Our national communication habits dominate my thoughts. In thinking about current communication acts, I return to the transactional model of communication I first studied in ninth grade.
This simple diagram of the communication process falls short as a model for the complicated ways we communicate in the 21st Century, which includes online platforms such as Facebook, Instagram, Snap Chat, and Twitter.
Understanding that transactional communication defies simple models from the 1970s, an early task I give students--before the aforementioned role play--involves working w/ a group to diagram the communication process. Before completing this task, we often have a breakdown (interference) in communication because students need an understanding of process before they can diagram or illustrate communication as a process.
I've tasked students with this activity for many years because I learn a lot about their communication from it. I observe their groups and listen to their presentations. I get a sense of their work ethics, their critical thinking skills, their leadership ability, their creativity, their confidence and self-doubt, the way they interact w/ peers, their ability to present ideas, etc.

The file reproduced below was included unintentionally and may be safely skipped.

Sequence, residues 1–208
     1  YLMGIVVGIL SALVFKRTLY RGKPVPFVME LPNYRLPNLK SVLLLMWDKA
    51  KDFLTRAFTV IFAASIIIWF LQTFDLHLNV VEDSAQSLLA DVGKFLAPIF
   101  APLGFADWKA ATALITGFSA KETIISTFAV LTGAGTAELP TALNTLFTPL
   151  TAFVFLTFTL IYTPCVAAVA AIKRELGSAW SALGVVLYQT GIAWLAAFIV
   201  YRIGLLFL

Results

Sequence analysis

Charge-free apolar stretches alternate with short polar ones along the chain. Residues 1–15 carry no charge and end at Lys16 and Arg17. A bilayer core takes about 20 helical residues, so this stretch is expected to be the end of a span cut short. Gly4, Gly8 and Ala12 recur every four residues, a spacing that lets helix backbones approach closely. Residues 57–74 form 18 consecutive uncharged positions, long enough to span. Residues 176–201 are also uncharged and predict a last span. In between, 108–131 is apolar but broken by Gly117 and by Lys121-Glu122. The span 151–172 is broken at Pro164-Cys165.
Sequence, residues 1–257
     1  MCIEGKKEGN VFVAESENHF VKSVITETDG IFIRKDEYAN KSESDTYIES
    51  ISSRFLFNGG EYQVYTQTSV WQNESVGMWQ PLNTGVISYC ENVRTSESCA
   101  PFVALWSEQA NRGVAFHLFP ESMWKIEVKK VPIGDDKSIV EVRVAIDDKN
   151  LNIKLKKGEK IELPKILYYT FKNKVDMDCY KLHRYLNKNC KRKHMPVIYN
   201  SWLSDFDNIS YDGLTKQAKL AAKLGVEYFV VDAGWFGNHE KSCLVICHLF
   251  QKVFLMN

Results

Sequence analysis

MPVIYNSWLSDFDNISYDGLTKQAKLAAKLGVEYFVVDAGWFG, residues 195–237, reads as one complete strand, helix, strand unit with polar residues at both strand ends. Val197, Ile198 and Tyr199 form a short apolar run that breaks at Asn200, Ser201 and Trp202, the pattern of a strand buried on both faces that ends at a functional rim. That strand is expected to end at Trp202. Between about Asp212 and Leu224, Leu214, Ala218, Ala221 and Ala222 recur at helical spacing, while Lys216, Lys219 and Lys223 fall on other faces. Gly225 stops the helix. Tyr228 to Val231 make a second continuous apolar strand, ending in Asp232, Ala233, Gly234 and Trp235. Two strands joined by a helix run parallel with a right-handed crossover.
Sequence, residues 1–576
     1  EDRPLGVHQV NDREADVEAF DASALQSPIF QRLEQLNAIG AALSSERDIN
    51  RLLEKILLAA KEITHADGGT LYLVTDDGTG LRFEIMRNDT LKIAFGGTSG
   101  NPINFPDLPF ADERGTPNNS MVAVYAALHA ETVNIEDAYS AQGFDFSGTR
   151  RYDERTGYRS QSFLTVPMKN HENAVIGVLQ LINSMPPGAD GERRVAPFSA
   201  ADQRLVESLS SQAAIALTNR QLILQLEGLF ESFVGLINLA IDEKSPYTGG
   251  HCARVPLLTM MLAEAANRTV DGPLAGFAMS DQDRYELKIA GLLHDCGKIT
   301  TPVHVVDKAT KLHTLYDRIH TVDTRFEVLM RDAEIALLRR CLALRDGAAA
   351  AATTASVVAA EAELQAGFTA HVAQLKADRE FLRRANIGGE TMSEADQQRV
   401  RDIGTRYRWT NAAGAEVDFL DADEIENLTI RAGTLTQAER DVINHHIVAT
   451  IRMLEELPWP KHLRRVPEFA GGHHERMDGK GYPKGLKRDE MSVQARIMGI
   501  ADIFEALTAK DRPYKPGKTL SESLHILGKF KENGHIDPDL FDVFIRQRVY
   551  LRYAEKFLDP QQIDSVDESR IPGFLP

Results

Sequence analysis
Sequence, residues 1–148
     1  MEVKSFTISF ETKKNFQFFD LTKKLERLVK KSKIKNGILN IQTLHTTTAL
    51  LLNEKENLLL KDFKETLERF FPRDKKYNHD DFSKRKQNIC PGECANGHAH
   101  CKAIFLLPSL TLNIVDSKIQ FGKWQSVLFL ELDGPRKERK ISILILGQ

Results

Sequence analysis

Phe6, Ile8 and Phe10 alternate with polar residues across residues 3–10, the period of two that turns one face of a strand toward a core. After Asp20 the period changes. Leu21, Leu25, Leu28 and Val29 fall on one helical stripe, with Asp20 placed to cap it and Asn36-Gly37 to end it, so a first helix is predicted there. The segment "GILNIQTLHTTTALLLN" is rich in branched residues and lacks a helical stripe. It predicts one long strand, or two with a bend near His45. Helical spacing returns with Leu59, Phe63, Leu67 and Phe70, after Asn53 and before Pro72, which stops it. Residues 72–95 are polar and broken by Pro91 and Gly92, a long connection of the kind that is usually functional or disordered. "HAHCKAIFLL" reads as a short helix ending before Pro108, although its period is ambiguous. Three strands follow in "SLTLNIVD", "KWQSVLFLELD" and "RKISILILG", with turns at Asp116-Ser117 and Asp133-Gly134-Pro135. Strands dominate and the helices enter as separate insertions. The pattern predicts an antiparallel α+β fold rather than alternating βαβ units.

|Student Group example of the Communication Process|
Students often think Fundamentals of Communication (the official course name) means they'll give speeches. End of story. As important as learning to construct and present speeches, citizens need effective communication in all its incarnations:
- one to one communication (interpersonal communication)
- one to group communication (interpersonal communication)
- group to group communication (interpersonal communication)
- self communication (intrapersonal communication)
- channel/medium (the how of sending a message)
- interference (breakdowns in communication)
- Is President Trump's use of social media "Modern Day Presidential"?
- Do we make communication great by privileging a one-to-group, 140 character mode over traditional ways past presidents have communicated?
- And is this form of communication a return to tradition?